Sunday, May 29, 2011

Just HitRECord

Gary was doing double duty, pushing the buttons on his console then scrambling to play the chords on his guitar. I said, do you want me to help you so you can focus on getting the pickup? He said (not knowing the double meaning of his words), "Just hitRECord."

It's a happy day in Buffy fanland. I just got back from West Hollywood where me and the new guitarist, Gary Dunn, recorded the music track for Buffy Ballad #5. The song is for Anya, and it's a country Western ballad called "Love You . . . With a Vengeance." We'd met once before to go over the chord charts and figure out the arrangement. I was going to write a whole entry on that after the fact, but it didn't quite happen so I'll try to integrate the previous highlights with what happened tonight.

The act of collaboration is infinitely fascinating. You get inspired to do something, create it and tinker with it in your little mad scientist lab, tinker with it some more, get sick of it, and tinker with it more still until you have no idea what it looks like to the rest of the world. It could be a windup toy or a pink poodle or a Frankenstein beast for all you know. And once you show it the light of day; give it room to breathe; unveil it in the presence of those few trusted others, you are pretty much always pleasantly surprised.

Working with Gary on the Anya song was no exception. Off the bat, he thought the genre was more singer/songwriter than country Western. True, I am more familiar singer/songwriter style music as a whole, but I wanted to give it a country feel, since I imagined it as the type of tune Faith Hill might sing (maybe that's just me projecting my desire to be Faith Hill, but hey). So he countrified it with a twang here and a twang there. We decided where he would pick, where he would strum, and where we would insert some percussion. The most intriguing observation he made was about the chord pattern on "Dagon Sphere" located in the bridge, which he thought was "more sci-fi than country." (Funny you should say that, was my initial response.) We went over it several times and ended up changing the D chord preceding "Dagon Shere" to an F. And at his suggestion, we added a G chord right after the F# chord at the end of the bridge to give an extra punch to the key change. "With the F# to the G, it's more of a 'Hey, we're modulatin'!'" he explained to me as he widened his eyes, hickified his voice, and over dramatically elbowed a pillow on the couch. (I'd have to say that was the highlight of the day.)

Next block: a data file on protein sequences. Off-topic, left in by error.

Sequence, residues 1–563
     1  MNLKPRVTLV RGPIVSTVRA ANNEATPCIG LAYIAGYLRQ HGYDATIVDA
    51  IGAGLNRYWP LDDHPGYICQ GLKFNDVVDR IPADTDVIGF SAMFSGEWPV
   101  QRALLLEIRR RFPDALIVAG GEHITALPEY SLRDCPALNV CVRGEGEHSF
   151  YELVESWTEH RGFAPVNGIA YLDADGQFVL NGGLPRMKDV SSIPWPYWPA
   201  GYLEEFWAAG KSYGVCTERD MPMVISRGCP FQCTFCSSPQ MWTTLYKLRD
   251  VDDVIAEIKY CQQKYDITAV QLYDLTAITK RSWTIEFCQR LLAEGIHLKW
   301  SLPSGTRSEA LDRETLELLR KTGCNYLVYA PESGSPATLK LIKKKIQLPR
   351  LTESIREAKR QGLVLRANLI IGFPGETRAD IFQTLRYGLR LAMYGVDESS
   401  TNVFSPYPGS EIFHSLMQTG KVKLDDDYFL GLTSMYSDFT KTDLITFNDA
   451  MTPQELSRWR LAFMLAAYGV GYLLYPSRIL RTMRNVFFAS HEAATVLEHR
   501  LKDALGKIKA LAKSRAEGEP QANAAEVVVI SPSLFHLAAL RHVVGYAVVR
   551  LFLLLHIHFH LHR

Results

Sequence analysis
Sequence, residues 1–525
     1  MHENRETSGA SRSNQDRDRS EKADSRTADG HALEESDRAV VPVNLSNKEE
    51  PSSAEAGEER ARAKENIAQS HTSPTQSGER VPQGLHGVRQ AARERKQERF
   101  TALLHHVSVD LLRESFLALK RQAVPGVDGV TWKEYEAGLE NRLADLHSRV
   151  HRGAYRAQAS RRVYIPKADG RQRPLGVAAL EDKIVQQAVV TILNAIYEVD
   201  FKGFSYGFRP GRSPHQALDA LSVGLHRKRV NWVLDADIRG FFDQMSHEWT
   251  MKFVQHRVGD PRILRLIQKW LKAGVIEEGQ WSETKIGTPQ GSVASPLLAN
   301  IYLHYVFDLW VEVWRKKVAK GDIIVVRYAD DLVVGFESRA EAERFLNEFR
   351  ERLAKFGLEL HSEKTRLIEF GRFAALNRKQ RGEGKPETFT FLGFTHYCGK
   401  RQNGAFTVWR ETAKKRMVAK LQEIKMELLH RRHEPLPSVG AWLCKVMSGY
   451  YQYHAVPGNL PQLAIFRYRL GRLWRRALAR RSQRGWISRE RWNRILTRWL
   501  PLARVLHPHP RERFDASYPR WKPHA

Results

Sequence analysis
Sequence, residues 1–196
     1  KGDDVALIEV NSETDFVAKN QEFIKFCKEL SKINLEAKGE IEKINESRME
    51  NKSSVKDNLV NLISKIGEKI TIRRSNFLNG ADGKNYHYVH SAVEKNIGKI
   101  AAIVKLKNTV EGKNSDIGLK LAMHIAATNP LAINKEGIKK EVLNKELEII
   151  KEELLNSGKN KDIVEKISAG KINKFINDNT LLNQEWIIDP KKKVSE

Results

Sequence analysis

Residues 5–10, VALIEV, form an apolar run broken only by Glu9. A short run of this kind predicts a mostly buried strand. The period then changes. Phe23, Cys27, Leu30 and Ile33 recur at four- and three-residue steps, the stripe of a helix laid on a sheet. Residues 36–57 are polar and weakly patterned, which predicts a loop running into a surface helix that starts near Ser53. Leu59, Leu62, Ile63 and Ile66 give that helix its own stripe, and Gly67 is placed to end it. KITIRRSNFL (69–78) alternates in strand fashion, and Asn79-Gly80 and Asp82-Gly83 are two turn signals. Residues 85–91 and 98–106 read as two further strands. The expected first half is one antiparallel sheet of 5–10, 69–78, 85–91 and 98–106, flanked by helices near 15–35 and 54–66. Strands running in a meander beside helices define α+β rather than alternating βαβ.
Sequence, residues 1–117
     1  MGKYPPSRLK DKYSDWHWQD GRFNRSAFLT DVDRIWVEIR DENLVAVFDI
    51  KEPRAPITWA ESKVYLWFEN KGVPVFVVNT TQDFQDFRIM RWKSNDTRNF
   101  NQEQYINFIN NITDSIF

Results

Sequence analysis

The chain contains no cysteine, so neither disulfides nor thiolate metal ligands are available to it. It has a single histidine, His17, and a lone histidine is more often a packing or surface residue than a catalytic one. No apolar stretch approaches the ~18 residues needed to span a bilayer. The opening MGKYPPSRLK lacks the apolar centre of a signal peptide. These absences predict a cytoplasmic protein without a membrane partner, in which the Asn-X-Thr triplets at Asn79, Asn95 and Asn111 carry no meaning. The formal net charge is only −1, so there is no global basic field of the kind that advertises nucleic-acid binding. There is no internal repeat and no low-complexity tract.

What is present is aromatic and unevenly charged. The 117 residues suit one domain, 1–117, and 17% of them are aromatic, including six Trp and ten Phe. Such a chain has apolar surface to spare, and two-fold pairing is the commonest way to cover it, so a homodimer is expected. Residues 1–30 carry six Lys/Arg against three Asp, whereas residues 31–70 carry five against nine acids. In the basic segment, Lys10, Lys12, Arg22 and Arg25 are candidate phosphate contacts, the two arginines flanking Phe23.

So when I came in today, we had it mostly figured out. We ran it a couple of times for polish, recalling what we did and didn't like in the last rehearsal. Oh, and I forgot to mention the fact that a lot of the elements of the arrangement I stole from a Lisa Loeb song. (When we watched the music video together, I realized how frighteningly close her guitar arrangement was to what I wanted mine to be. But the fact that I'm singing about vampires, vengeance demons, bringers, and such makes it a pretty different animal, so to speak...) Although I still think of it as a country-western ballad, it is definitely a hybrid of sorts. Along with the "sci-fi" chord progression in the bridge, the end of the song is very un-country. Whereas a country song would "milk the drama", drawing out the guitar and final verse as long as humanly possible, I wanted my song to end concisely, leaving the audience to fill in the rest. Also, instead of making the song louder after the bridge and key change, we decided to bring the volume way down. This was something we played around with while we were recording. I thought, "Who the heck am I to change the rules? This could sound awful, but let's give it a try." It sounded amazing. And it totally fit with the lyrics of the song, which you'll just have to hear to understand what I'm talking about.

Sadly, you can't hear it quite yet. We've still got to get Gary's drummer in for a session and lay down a percussion track. After that, I'll get together with trusty Andre, who's shot my last three videos, and we will make some multimedia magic. Sorry to tease you. If it's any consolation, I'm in exactly the same boat. Okay, maybe I have a little bit more of the inside scoop, but I want just as badly as you do (if not more) to see how it all turns out. In the meantime, I will tell you that the track I heard coming out of the speakers in Gary's West Hollywood home recording den was magic. It was gold. It was all the colors and textures and flavors we'd discovered, honed, and captured when the stars and guitars and creative energy that charged the electrons in the air were somehow perfectly aligned. Collaboration is infinitely fascinating, and I feel honored to be a part of it every time. And very soon, you'll be a part of it too. I promise you will.

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